Kansas City gets 'smart': New streetcar line opens amid free public Wi-Fi zone

With smart city technology, K.C. envisions autonomous vehicles, water pipe monitoring, even drones to find missing elderly

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Bennett is working with Cisco to create a single dashboard for city officials to view all kinds of disparate data from sensors and smartphones that have logged in to the free Wi-Fi or have passed by BLE beacons. A single dashboard where data is collected and depicted is considered the brass ring in smart city circles.

Bennett reports directly to both City Manager Troy Schulte and to Mayor Sly James, so he must create a dashboard that serves both masters. "The mayor prefers a dashboard with qualitative data, but I've found the city manager is looking for quantifiable data, like the electricity hours and water gallons used," Bennett said.

Free Wi-Fi's financial sustainability -- advertising

While some cities have tried and failed to provide widespread public Wi-Fi, Bennett said Kansas City's free Wi-Fi is supported by Cisco, Sprint and other private companies, and will also rely on future revenues from advertising placed on the interactive kiosks.

kansas city kiosk Kansas City Area Development Council

A man uses one of the 25 touchscreen kiosks provided in downtown Kansas City, Missouri, as part of the city's smart city project.

The Wi-Fi is part of a $20 million digital infrastructure built along the streetcar line, of which the city funded $3.8 million. The $102 million streetcar line itself was funded separately with public bonds. Bennett said the city expects to recoup its $3.8 million investment from advertising revenues over seven years. The city receives 12% of the ad profits.

Data to and from the 25 kiosks will run over the Wi-Fi network. That data will include information on city tourism sites, businesses and restaurants, as well as streetcar schedules and related information. On the lower-third of the 58-in. kiosk touchscreens, room has been left for advertising being coordinated by Smart City Media.

Sprint owns the Wi-Fi network and will aggregate and anonymize the data running over it, then give the data to the city, Bennett said. On the Wi-Fi 802.11ac network, 50% of the total bandwidth will be reserved for free use by Sprint wireless customers, while 40% will be free to customers not on the Sprint network. The free bandwidth for non-Sprint customers recently was as high as 18.3 Mbps, Bennett said.

The remaining 10% of bandwidth is reserved for a Kansas City Internet of Things channel, which is where the kiosk data will run, along with data from sensors that the city has on other objects, including 125 new smart city street lights. To save energy, the streetlights use LED lighting that is automatically dimmed to 75% of normal levels when no one is detected underneath them. Security cameras on the new streetcars will also send video data over the KC IoT channel.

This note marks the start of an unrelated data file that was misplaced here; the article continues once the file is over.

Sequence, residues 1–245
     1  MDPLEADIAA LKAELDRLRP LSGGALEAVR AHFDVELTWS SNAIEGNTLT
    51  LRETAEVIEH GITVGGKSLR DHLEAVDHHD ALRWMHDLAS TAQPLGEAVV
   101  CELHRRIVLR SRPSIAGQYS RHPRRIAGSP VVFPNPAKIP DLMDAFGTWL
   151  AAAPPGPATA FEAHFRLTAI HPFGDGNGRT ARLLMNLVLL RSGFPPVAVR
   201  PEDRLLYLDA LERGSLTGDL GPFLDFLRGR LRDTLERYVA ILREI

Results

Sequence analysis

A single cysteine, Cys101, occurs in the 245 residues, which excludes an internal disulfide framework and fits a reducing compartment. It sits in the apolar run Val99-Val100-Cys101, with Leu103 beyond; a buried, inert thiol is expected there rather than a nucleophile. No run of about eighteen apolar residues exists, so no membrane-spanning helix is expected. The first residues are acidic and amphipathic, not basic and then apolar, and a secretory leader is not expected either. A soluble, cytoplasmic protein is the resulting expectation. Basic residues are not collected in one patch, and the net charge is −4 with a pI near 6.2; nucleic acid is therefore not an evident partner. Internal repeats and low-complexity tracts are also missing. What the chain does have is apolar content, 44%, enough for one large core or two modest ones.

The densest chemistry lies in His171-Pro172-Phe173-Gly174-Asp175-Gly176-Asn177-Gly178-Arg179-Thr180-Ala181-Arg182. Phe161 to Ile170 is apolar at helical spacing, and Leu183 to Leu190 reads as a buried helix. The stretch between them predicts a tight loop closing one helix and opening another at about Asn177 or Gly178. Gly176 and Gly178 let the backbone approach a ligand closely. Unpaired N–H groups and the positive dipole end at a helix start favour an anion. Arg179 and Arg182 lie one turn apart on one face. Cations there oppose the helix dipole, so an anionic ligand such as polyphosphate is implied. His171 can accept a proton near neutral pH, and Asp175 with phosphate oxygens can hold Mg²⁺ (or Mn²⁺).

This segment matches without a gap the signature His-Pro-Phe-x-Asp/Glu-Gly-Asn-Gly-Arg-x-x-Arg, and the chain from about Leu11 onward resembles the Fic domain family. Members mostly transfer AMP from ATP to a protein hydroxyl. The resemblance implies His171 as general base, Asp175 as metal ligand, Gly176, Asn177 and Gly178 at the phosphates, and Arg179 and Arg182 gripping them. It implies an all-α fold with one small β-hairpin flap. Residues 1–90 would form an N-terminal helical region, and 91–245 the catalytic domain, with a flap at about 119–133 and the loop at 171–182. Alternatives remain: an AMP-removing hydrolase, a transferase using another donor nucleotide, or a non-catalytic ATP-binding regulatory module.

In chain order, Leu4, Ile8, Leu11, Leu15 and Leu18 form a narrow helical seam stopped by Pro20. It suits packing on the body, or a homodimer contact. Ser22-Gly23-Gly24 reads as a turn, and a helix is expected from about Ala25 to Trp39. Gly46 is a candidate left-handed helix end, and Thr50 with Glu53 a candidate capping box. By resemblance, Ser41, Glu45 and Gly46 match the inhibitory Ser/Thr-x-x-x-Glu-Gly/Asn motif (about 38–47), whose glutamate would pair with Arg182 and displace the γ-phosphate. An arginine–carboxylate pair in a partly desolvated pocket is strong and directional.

Potential for 3.5 GHz wireless and drones to aid missing elderly

While free Wi-Fi is the most tangible public benefit of KC's smart city offerings, the prospects for autonomous vehicles and a smart water system could provide vital city efficiencies.

Even further out, the city could benefit from 3.5 GHz wireless to connect hard-to-reach areas, Bennett said. The city recently gave Google permission to test the service, which relies on dynamic spectrum sharing. Google Fiber made the KC area its first home, and now serves both residential and business customers.

Also down the line, there's a prospect for using drones to help find disoriented elderly people who were reported missing. The city estimates that it costs police and rescue workers $1,300 for each "silver alert" report of a resident who has wandered away from an assisted living center or other facility.

If such patients wore BLE wristbands that communicate with BLE-to-Wi-Fi routers, a missing person could be found in minutes, rather than hours, Sih said.

"Free Wi-Fi is really sexy, but where we will make an impact is in the use of data to be more reactive," Bennett said. "We are going to be a city that maintains stewardship of shared resources that people expect us to remain stewards of. "

A truly "smart" city has at least 50% of its area connected under a "sensor-empowered umbrella," Bennett said. Kansas City, with 440,000 residents, now is about 5% sensor-empowered, including all of the smartphones in the free Wi-Fi zone that act as person-carried sensors.

"I'm excited where we are going with the smart city," Bennett said. "In five years, we'll be the smartest city on Earth."

Copyright © 2016 IDG Communications, Inc.

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